EgyptIslamic Awakening

Egyptian Politician: US Effort to Interfere in Egypt’s Elections Doomed to Failure

Secretary-General of the Egyptian Amal Party Majdi Hussein said Egypt’s political groups and factions are vigilant about US efforts to interfere in their country’s upcoming presidential elections and would not allow Washington to decide for their country.

“We have not closed our eyes on these issues and are closely monitoring these efforts,” Majid Hussein told FNA in Cairo on Monday.

“No doubt, these efforts will fail as they failed in the early days of the (Egyptian) revolution,” he noted.

The remarks and views of Majdi Hussein, who will most likely be a candidate in the upcoming presidential election in Egypt, are fully shared by other well-known political figures and leaders of the Arab, Muslim country.

Last month, a senior Egyptian political figure said that the US is pushing ahead its clandestine agenda in Egypt through funding non-governmental organizations (NGOs) in the country.

Member of the Freedom and Justice Party, a political wing of Al-Ikhwan al-Muslimun (Muslim Brotherhood) party, told FNA in October that the US is using these organizations to collect information that helps Washington assess the Egyptian society and social trends after the revolution and devise policies on the same basis.

The Egyptian government has reiterated its rejection of funding from the United States for unregistered non-governmental organizations (NGOs) in Egypt, according to comments from Egypt’s Minister of Planning and International Cooperation Fayza Abouelnafa.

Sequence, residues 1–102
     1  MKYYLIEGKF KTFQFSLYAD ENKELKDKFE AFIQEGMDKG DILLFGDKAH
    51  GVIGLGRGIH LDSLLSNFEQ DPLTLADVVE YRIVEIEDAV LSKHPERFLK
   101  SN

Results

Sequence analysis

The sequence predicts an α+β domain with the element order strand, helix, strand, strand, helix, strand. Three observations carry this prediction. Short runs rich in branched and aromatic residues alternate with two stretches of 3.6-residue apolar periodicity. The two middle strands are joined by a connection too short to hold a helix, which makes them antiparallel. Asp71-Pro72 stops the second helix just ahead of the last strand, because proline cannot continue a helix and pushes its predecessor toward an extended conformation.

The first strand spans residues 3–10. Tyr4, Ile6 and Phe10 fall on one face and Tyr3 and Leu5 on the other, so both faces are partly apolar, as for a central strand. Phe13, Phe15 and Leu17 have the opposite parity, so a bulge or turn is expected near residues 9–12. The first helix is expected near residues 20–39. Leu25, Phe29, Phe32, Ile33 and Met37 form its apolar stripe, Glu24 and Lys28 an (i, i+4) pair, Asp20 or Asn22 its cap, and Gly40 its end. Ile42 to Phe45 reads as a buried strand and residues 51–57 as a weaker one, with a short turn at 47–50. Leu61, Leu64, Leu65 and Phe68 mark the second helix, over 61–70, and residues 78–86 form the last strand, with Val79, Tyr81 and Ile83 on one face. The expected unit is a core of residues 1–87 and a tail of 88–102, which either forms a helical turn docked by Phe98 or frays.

The government says that it does not object to foreign financing for NGOs, as long as foreign donors abide by Egyptian laws governing these organizations.

According to Anne Patterson, the US ambassador to Cairo, 14 US organizations have received $ 47.8 million in funds since the revolution, and 12 Egyptian organizations have received $5.8 million.

According to an announced timetable, Egyptian elections, the first since the ouster of US and israel-backed dictator Hosni Mubarak in February, will be held in three stages between November 28 and January 10.

After that, an election for the less powerful Shura Council, the chamber’s upper house, will be held by March.

The new parliament will then convene and appoint members of a committee to draft a new constitution. The draft constitution will be put to a national referendum later.

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